This verse is taken from:
Psalm 115
Thought of the day for:
19 March 2023

It is hard to understand how Israel, who knew the only God and saw His wonderful works, could have turned to idolatry. It happened, however, and consequently the nation went into captivity amongst the nations whose idolatrous practices they had followed, Jer. 2. 17; 44. 16-18. The seventy years captivity almost cured the nation’s proneness to idols, Hos. 3. 4. Though a veil of blindness still remains upon the hearts of its people, there has been no return to idolatry.

The psalm expresses the deep concern within the hearts of the returned exiles that God only should be glorified, cf. Isa. 42. 8; 48. 11. The idolatry witnessed in Babylon was still fresh in their minds. The answer to the taunt of the heathen, “Where is now their God?”, is answered by “our God is in the heavens”, v. 3. Moreover, He was sovereign: “he hath done whatsoever he hath pleased”. By contrast, the idols of the nations, though of gold and silver, were but works of men. Israel’s God, if invisible, was uncreated and therefore eternal. The title “Jehovah” (the Ever-Existing One) is used ten times, and “Jah” (the Eternal) twice (New Trans., J.N.D.). Their idols looked like men, but were lifeless. The psalmist adds, “They that make them are like unto them”, vv. 5-8. Paul makes the same observation, Rom. 1. 21-23. Conversely, Jehovah was Israel’s help and shield, and could be trusted implicitly. What confidence this inspired in the psalmist. It should inspire us too, for He is our God, John 20. 17.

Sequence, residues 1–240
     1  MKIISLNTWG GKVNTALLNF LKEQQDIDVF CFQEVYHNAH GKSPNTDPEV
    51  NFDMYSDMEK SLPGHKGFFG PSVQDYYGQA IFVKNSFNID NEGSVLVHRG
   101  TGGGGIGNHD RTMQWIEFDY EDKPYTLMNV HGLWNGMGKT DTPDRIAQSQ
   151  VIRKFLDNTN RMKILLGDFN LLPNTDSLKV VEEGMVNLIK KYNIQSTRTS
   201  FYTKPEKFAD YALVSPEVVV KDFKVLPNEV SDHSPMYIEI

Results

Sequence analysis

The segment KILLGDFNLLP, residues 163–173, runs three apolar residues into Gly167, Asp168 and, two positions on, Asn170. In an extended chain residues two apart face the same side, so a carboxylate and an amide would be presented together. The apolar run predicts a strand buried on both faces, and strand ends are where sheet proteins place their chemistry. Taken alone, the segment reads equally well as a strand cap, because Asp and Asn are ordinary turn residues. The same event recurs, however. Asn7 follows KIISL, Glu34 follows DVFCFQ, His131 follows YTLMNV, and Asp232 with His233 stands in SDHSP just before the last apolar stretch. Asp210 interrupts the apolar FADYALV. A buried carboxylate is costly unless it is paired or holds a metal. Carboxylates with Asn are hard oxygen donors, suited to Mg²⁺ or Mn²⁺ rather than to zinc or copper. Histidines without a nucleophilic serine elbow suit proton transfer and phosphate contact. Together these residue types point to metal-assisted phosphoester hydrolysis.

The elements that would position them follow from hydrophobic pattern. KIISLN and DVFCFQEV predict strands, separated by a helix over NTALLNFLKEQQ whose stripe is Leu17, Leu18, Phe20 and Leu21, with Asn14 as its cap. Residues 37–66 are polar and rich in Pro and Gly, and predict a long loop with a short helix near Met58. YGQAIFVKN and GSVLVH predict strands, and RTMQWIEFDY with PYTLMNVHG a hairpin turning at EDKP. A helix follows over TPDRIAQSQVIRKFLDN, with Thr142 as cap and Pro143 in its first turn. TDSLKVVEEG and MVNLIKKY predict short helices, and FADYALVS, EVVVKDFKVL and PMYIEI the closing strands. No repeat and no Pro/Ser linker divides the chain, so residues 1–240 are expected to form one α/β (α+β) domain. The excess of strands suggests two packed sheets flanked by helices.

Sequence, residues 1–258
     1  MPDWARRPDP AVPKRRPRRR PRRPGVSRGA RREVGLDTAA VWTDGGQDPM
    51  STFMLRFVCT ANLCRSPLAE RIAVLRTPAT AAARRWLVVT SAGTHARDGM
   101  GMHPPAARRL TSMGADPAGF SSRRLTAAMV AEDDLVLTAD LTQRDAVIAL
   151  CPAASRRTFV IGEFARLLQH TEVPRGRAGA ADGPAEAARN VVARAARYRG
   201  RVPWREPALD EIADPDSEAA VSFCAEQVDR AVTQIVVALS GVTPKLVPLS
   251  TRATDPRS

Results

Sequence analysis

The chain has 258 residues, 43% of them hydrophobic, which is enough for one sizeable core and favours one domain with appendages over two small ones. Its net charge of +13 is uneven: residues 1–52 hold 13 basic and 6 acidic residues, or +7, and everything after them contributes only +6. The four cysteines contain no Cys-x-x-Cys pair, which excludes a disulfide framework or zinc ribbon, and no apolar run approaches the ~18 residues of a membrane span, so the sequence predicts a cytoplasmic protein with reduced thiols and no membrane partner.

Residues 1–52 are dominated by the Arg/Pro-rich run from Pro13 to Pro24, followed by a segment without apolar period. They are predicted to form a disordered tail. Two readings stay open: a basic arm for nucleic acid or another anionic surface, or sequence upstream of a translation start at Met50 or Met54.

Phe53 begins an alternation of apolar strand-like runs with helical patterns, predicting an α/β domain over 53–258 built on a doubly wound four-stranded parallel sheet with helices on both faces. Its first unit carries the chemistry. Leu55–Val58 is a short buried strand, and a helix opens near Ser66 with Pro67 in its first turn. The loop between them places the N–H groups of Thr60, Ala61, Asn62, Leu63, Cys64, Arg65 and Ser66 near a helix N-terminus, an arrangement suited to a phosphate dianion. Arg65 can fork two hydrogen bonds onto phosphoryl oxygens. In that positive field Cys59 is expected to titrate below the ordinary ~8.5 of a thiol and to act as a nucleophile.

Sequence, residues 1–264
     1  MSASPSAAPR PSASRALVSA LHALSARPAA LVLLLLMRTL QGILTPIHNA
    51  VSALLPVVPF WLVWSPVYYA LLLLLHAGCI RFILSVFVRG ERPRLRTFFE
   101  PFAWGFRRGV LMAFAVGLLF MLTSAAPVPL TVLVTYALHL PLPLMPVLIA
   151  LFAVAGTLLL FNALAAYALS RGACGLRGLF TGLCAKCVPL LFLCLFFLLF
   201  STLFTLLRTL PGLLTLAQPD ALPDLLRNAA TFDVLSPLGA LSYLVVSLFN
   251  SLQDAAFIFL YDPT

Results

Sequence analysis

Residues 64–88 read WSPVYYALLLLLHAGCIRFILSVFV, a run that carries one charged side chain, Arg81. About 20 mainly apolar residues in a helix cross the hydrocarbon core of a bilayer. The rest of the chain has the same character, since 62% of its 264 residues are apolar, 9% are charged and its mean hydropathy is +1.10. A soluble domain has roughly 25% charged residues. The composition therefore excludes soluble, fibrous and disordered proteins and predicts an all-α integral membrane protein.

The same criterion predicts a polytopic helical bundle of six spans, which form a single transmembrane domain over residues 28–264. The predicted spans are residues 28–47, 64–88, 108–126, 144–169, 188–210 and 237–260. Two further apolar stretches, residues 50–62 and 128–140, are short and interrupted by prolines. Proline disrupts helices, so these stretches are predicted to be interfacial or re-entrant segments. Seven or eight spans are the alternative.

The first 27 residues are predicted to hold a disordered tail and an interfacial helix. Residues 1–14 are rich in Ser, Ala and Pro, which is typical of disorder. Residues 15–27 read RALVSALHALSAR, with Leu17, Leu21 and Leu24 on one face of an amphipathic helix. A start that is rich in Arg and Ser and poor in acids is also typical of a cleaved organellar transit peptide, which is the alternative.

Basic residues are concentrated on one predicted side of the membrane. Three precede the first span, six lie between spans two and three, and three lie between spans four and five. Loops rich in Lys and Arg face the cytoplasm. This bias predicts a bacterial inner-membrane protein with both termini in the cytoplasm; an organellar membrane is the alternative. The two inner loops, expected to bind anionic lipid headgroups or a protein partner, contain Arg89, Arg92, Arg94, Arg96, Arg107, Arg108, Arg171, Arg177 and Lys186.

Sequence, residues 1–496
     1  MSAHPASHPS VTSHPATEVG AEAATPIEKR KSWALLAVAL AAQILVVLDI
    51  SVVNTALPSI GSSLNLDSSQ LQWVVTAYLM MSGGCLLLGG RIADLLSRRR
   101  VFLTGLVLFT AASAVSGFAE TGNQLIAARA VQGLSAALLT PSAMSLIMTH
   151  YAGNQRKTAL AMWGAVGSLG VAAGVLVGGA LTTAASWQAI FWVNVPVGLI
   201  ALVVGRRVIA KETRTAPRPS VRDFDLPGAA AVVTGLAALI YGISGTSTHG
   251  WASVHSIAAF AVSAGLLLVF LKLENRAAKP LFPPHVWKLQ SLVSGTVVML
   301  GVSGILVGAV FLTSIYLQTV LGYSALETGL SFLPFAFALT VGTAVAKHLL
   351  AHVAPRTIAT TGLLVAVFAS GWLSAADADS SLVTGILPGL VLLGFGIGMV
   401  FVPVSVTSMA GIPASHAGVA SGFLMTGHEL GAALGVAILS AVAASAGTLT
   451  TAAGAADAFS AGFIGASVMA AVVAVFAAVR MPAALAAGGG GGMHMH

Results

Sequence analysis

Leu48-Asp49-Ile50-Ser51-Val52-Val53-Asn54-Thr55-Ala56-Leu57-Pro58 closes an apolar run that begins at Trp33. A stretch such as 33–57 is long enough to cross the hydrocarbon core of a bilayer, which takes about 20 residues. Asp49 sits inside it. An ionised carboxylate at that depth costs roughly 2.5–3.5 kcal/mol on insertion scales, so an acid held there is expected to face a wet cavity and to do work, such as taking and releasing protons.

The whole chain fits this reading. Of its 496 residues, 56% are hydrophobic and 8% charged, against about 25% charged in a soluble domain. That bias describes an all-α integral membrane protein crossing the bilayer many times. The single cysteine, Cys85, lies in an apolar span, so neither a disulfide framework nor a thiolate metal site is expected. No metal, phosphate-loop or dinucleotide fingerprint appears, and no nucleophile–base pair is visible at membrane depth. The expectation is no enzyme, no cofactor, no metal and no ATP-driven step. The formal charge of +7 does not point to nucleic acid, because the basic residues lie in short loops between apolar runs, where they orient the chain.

The psalmist began with a confession of unworthiness, “Not unto us”. How differently the Pharisee began his prayer in Luke 18. 10-12; he went on as he began, drawing attention to himself as if God was obligated to him. The disciples were warned against this attitude, Matt. 6. 5. Paul rebuked the Corinthians for glorying in men. In discounting himself and Apollos, and attributing the work at Corinth to God who gave the increase, he was virtually saying, “Not unto us … but unto thy name give glory”, 1 Cor. 3. 5, 6, 21. The Lord did not seek His own glory, John 8. 50; 12. 28.

“Now unto the King eternal, incorruptible, invisible, the only God … be glory for ever and ever”, 1 Tim. 1. 17 R.V.